- The potential for Indonesia to be one of the better-performing economies and markets in the next decade is growing.
- If President Jokowi wins again in the 2019 election, a growth and anti-corruption agenda could spark change.
- Technology may weaken the control of vested interests, breaking barriers to entry, lowering prices and creating jobs.
- The lapsing of negative short-term cyclical impacts (cuts to fuel and electricity subsidies, tax amnesty and falling commodity markets) suggests an economic rebound in 2019.*
*On a cyclical note, the economy was weak in 2017 due to a number of factors:
– The general weakness in commodity markets;
– The removal of fuel and electricity subsidies which has hurt the poor significantly;
– The tax amnesty. The government is moving to a system where anyone unable to provide proof of sufficient income to purchase assets they own will be subject to punitive tax. The tax amnesty allowed all assets, regardless of providence, to be declared and 2% tax paid, scaling with time. The tax amnesty has temporally reduced spending and property transactions as cash flow was diverted to pay tax, but making tens of billions of dollars legal, of mostly offshore assets, may have a positive long-term effect, if and when these monies are directed into greater domestic investment opportunities.
“The Jakarta skyline is different now; a few more glass buildings dot the urban sprawl.”
This was my third trip to Indonesia. The last was in 2005 and back then I left feeling that, for various reasons, as a long-term stock picker the country was a dangerous arena for foreign investors. Indonesia suffered, and still does, from the hallmarks of a failing democracy; a model rentier society driven by policy paralysis and embedded competitive corruption at all levels of the state. It seemed to me back then that vested interests ensured that the currency was to be devalued, debt was to be defaulted and equity was an avenue to monetise assets for vested interests. Still, it was trading around with a commodity boom ahead, so there was money to be made.
The Jakarta skyline is different now; a few more glass buildings dot the urban sprawl. At the ageing airport, the ‘Visa on Arrival’ counter used by immigration officials to extract additional payments from tourists has gone. However, unlike elsewhere in ASEAN, there is no airport express or MRT (mass rapid transit). The 30 kilometres to the city centre still take one-and-a-half hours on weekdays. There has been less infrastructure change in Jakarta over the past 20 years than in any other Asian economy; 10% annual car growth over the last few years has been matched with 0.2% road building. Something, however, is changing. Many new projects are under construction, driven by the current government. They are scheduled to complete by 2018/19 and, despite my initial scepticism, most people on the ground think this will be achieved. Anecdotes suggest that, historically, road building plans would be fully funded at the outset, 30% of the funds would then be taken by vested interests, leaving the project short of funding and unfinished waiting for the next government to bankroll it again. Hence the unwillingness of the private sector or the banks to fund and build infrastructure.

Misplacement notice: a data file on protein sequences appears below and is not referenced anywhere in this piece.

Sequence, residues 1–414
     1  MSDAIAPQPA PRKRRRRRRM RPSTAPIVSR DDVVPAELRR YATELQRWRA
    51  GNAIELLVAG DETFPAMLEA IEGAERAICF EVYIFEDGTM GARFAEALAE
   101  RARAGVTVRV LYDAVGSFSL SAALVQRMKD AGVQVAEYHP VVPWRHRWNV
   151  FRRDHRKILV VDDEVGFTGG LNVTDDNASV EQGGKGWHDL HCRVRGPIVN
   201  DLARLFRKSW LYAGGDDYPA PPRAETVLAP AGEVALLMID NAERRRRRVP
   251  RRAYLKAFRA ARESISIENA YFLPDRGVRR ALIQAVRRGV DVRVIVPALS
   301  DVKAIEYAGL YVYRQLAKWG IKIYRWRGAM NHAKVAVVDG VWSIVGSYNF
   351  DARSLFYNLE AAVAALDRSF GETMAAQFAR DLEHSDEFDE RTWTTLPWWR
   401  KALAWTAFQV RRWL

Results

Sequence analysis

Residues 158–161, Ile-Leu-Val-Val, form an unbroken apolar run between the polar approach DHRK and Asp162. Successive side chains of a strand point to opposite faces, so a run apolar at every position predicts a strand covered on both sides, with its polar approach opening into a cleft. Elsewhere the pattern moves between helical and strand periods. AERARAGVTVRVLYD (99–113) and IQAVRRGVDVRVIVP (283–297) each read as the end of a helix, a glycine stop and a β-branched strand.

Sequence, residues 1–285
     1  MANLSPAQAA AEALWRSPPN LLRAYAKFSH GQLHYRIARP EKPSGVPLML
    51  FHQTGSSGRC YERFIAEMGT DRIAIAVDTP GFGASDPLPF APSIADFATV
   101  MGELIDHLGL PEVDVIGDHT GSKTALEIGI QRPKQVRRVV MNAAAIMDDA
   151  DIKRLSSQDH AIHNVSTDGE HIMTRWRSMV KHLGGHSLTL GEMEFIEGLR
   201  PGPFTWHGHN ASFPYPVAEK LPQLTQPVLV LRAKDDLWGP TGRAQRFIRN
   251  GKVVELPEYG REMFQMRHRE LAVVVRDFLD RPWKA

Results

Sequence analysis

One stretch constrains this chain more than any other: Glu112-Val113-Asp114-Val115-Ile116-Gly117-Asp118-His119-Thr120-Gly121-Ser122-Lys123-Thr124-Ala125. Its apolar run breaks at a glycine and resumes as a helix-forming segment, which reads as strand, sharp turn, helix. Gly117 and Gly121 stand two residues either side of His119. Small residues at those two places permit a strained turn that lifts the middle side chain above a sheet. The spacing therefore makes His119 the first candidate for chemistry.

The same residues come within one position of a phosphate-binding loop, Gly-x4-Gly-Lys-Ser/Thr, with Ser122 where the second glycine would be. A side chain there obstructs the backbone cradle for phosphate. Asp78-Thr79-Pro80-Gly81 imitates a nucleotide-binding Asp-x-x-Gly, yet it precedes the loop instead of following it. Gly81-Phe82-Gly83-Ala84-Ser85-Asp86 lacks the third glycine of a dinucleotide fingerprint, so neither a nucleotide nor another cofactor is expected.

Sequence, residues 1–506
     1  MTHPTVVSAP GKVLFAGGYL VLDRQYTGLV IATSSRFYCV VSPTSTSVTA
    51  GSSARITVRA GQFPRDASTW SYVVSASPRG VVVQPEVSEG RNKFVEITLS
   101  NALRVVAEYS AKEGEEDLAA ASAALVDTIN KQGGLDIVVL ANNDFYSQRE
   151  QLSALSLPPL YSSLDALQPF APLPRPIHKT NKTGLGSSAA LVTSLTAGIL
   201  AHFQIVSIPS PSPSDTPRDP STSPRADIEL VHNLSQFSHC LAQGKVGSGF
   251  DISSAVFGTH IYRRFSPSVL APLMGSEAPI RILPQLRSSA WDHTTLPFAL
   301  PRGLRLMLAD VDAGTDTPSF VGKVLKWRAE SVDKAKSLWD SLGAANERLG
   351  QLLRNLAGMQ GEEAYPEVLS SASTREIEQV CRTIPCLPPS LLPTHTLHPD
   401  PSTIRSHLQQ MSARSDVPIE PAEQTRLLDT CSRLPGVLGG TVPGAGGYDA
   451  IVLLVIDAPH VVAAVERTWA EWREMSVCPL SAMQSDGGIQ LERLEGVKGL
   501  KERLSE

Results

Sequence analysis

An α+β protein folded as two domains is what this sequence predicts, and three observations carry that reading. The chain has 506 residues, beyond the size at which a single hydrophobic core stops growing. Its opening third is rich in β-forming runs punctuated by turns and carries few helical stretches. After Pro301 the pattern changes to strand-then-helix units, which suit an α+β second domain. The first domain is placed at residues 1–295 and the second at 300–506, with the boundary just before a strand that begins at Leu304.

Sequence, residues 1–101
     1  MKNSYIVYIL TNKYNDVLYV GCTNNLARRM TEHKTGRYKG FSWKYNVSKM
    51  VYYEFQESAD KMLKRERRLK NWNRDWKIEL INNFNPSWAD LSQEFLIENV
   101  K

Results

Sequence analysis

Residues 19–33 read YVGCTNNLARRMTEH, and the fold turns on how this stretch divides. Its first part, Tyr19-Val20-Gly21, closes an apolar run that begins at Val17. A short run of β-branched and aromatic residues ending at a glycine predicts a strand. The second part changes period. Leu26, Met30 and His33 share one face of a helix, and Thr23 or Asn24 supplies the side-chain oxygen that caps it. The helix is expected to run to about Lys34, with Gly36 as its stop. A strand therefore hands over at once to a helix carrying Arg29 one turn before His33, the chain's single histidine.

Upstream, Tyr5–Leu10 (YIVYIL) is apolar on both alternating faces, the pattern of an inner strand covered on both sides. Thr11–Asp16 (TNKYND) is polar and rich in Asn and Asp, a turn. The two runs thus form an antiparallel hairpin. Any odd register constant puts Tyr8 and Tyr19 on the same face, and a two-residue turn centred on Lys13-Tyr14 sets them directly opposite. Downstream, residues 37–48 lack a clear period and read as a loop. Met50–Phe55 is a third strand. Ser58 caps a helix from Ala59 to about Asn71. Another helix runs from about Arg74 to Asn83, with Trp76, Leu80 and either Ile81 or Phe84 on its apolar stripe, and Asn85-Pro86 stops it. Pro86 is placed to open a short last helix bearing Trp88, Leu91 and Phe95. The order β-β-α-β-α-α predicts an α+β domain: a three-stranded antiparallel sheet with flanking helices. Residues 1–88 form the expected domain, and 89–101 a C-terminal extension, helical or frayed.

Jakarta is not an international city. For many, Indonesia has not been welcoming to either foreigners or, surprisingly, their money (at least not in the sense that it will be allowed to make a return). There are fewer foreign expatriate licenses now than in 1983 and a recent ruling trying to tax foreigners on all their worldwide income, an excuse for a shake-down, is unlikely to help the situation. The Chinese, however, are coming. Unlike western companies, they seem to be able to ‘play the game’. A smelter is being built with Chinese materials and labour (which I’m told is illegal). Country Garden, a Chinese property developer, is constructing apartments at twice the speed of competitors, despite denials surrounding the use of Chinese labour. Rumours suggest that the Chinese are being treated preferentially over Westerners. Freeport-McMoRan was concerned it would not be granted an extension to its copper licence expiring in 2023, despite demands by the government to undertake significant investments. Vale built a nickel smelter on the government's orders, local peers dragged their feet on their own investment and the export ban on nickel ore was rescinded.
The rise of Joko Widodo
Megawati Sukarnoputri, the leader of the Indonesian Democratic Party of Struggle (PDI-P) and daughter of the founding president of Indonesia, having twice failed to win the presidential nomination due to perceived unpopularity, approached Joko Widodo (also known as ‘Jokowi’), the mayor of a small provincial town, who had achieved significant success in infrastructure building and reducing corruption, to stand for mayor of Jakarta (a position he was to hold from 2012 to 2014).
In 2014, he was elected president of Indonesia, becoming the first non-military or political ‘outsider’ elected to the post.
It is assumed that Megawati had hoped that Jokowi would be her puppet. However, his anti-corruption stance led to the PDI-P withdrawing its support and Megawati openly trying to undermine him. This led to the president not having the full support of any major party within the government. The recent imprisoning of the ex-mayor of Jakarta, a former running mate and friend of Jokowi, on blasphemy grounds (he is Chinese and Christian), was seemingly driven to undermine Jokowi and indicates that the president’s influence is still constrained (seemingly, religion in Indonesia is increasingly being used as a political tool).